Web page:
Keywords: analysis, architecture, automation, design process, technology

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1 Place-Making Theory behind Claremont Court

Authors: Sandra Costa-Santos, Nadia Bertolino, Stephen Hicks, Vanessa May, Camilla Lewis

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This paper aims to elaborate the architectural theory on place-making that supported Claremont Court housing scheme (Edinburgh, United Kingdom). Claremont Court (1959-62) is a large post-war mixed development housing scheme designed by Basil Spence, which included ‘place-making’ as one of its founding principles. Although some stylistic readings of the housing scheme have been published, the theory on place-making that allegedly ruled the design has yet to be clarified. The architecture allows us to mark or make a place within space in order to dwell. Under the framework of contemporary philosophical theories of place, this paper aims to explore the relationship between place and dwelling through a cross-disciplinary reading of Claremont Court, with a view to develop an architectural theory on place-making. Since dwelling represents the way we are immersed in our world in an existential manner, this theme is not just relevant for architecture but also for philosophy and sociology. The research in this work is interpretive-historic in nature. It examines documentary evidence of the original architectural design, together with relevant literature in sociology, history, and architecture, through the lens of theories of place. First, the paper explores how the dwelling types originally included in Claremont Court supported ideas of dwelling or meanings of home. Then, it traces shared space and social ties in order to study the symbolic boundaries that allow the creation of a collective identity or sense of belonging. Finally, the relation between the housing scheme and the supporting theory is identified. The findings of this research reveal Scottish architect Basil Spence’s exploration of the meaning of home, as he changed his approach to the mass housing while acting as President of the Royal Incorporation of British Architects (1958-60). When the British Government was engaged in various ambitious building programmes, he sought to drive architecture to a wider socio-political debate as president of the RIBA, hence moving towards a more ambitious and innovative socio-architectural approach. Rather than trying to address the ‘genius loci’ with an architectural proposition, as has been stated, the research shows that the place-making theory behind the housing scheme was supported by notions of community-based on shared space and dispositions. The design of the housing scheme was steered by a desire to foster social relations and collective identities, rather than by the idea of keeping the spirit of the place. This research is part of a cross-disciplinary project funded by the Arts and Humanities Research Council. The findings present Claremont Court as a signifier of Basil Spence’s attempt to address the post-war political debate on housing in United Kingdom. They highlight the architect’s theoretical agenda and challenge current purely stylistic readings of Claremont Court as they fail to acknowledge its social relevance.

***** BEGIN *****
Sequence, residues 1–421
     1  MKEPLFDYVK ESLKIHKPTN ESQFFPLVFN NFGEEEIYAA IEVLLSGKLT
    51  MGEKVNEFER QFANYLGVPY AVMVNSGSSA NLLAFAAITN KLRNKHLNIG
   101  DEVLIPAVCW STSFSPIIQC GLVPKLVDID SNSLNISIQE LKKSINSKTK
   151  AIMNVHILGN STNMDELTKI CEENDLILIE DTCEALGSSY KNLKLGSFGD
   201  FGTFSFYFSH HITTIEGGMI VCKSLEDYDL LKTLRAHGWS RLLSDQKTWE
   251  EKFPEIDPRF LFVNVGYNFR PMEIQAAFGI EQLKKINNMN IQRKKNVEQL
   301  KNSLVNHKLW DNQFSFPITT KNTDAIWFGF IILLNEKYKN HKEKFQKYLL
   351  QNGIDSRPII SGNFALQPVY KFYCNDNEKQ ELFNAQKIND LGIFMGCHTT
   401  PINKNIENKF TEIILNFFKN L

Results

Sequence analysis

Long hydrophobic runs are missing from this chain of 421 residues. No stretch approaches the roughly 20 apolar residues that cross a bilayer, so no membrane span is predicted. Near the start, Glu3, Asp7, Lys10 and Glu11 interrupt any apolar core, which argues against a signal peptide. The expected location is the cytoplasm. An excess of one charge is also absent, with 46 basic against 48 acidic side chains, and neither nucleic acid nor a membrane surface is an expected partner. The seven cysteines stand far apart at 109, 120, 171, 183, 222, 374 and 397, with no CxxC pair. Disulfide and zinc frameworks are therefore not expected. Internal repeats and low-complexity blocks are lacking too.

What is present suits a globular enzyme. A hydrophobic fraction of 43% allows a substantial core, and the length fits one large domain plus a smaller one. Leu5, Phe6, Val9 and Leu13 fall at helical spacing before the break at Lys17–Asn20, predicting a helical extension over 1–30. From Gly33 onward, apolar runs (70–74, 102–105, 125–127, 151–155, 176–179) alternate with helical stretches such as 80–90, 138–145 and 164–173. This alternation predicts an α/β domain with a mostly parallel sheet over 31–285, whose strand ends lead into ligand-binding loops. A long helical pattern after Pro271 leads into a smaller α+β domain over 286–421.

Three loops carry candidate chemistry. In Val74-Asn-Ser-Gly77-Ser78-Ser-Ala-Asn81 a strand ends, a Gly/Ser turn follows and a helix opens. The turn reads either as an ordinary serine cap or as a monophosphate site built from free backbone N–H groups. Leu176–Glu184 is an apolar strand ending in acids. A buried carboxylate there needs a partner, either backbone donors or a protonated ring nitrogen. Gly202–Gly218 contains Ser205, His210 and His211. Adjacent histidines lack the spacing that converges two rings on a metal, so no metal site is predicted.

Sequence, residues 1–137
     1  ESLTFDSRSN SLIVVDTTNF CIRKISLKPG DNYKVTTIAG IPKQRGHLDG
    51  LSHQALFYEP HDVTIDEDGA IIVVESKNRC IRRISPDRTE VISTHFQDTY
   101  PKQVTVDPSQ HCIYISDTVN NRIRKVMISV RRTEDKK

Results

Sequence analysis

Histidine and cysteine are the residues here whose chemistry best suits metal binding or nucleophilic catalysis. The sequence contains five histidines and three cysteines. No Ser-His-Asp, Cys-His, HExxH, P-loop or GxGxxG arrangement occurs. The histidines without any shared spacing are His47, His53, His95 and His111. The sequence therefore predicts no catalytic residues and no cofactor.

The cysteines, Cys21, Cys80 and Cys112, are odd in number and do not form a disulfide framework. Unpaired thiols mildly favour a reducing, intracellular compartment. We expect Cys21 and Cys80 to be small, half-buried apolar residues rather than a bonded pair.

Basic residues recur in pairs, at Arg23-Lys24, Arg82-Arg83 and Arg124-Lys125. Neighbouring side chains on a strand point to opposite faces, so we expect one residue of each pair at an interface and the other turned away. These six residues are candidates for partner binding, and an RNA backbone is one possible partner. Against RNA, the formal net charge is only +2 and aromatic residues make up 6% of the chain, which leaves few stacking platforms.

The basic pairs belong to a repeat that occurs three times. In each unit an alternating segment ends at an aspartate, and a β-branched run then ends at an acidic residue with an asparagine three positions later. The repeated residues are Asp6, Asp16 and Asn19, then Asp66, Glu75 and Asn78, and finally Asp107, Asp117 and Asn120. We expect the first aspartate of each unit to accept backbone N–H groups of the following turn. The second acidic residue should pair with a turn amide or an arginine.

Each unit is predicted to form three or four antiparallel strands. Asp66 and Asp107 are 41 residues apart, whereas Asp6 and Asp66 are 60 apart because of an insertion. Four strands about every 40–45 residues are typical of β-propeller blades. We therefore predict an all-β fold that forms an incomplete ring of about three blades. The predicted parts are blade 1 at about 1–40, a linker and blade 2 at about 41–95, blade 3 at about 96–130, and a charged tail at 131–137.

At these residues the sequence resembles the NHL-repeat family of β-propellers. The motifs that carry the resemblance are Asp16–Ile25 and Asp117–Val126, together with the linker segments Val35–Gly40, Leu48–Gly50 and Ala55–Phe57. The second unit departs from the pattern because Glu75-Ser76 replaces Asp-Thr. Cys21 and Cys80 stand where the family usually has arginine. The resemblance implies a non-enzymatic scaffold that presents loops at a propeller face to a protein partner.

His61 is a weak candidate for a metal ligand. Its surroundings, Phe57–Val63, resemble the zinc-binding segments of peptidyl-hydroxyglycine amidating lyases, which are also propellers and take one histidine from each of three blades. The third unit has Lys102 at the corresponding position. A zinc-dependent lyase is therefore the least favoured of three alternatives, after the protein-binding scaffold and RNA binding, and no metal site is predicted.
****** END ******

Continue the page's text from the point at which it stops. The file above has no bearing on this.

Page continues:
Keywords: architectural theory, dwelling, place-making, post-war housing